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Bill Venners: In Effective C++, you state that the
three common relationships between classes are IS-A, HAS-A, and IS-IMPLEMENTED-
IN-TERMS-OF. IS-A really helped me understand inheritance. HAS-A, as in a
Person HAS A
Name, didn't really help me much to
understand layering—what I usually call composition. You're other layering
relationship, IS-IMPLEMENTED-IN-TERMS-OF, although a mouthful, made sense to
me. Is that still how you describe the different ways to related classes? Has anything
changed in the last 10 years in how you would describe the basic class relationships?
Scott Meyers: In terms of the vocabulary I introduce in the book, nothing has changed. In fact, I didn't change any vocabulary in the second edition of Effective C++. I still think of those terms as the three fundamental relationships between classes.
Bill Venners: Please differentiate HAS-A and IS- IMPLEMENTED-IN-TERMS-OF.
Scott Meyers: When you write software, you deal with two
worlds. You deal with the world you want to model, the outside world. You also deal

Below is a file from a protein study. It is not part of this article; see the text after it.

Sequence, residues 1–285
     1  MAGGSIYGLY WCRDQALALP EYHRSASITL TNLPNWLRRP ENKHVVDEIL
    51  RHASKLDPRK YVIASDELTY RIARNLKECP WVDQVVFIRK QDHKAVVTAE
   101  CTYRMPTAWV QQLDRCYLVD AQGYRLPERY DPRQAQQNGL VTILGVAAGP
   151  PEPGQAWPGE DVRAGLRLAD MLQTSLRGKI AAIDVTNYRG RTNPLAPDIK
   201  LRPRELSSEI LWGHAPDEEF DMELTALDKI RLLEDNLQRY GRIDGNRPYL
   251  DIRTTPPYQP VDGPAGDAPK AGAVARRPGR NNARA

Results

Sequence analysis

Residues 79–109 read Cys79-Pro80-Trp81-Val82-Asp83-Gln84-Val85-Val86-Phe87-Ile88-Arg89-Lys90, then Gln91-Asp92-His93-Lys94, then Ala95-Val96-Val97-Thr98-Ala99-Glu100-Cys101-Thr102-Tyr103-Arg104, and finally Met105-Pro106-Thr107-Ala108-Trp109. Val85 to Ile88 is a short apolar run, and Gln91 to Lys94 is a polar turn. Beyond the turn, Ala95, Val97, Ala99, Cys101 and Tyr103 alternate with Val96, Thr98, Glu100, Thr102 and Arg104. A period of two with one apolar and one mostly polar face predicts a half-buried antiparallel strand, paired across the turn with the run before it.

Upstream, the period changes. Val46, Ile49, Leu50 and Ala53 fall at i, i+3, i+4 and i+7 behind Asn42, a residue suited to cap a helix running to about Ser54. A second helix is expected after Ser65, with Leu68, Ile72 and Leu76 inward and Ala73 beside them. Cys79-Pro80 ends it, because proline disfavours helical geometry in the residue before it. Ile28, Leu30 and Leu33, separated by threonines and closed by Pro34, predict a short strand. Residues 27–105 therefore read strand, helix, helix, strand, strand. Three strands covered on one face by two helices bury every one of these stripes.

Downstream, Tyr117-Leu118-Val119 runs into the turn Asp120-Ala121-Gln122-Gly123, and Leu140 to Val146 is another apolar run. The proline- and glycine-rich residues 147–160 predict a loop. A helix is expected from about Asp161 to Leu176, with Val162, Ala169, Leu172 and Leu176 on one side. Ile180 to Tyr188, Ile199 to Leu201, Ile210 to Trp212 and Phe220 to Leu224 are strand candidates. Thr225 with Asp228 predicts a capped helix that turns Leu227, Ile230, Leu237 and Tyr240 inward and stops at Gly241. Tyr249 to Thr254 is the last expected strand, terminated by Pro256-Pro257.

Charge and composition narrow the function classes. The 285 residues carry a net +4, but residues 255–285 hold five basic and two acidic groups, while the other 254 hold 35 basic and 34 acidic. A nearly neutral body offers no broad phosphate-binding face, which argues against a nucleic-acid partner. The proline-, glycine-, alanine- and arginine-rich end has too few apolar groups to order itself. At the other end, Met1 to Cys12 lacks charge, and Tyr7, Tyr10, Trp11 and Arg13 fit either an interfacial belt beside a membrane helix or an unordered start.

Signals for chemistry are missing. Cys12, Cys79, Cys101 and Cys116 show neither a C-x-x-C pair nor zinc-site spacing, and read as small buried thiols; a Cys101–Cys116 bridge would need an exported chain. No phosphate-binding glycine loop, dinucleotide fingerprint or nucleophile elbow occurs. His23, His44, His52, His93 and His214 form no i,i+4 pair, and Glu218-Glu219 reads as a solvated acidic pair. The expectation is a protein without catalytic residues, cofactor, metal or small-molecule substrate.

with a world that exists only inside the software, which involves just getting the code to
work. HAS-A corresponds to something in the real world. A
Wheels or a
corresponds to the application domain. IS-IMPLEMENTED-IN-TERMS-OF never exists
in the real world; it is part of the implementation domain.
So you couldn't say a
Wheels. But you
could say the
ParkingLot IS-IMPLEMENTED-IN-TERMS-OF a
List. There's no
List in the real world. The
List only exists inside the software. So HAS-A is a relationship between
classes that exists in the application domain. IS-IMPLEMENTED-IN-TERMS-OF is a
relationship between classes that exists in the implementation domain.
Bill Venners: That's great. That clarifies it for me.
Scott Meyers: It took me a few years to figure that out myself, actually.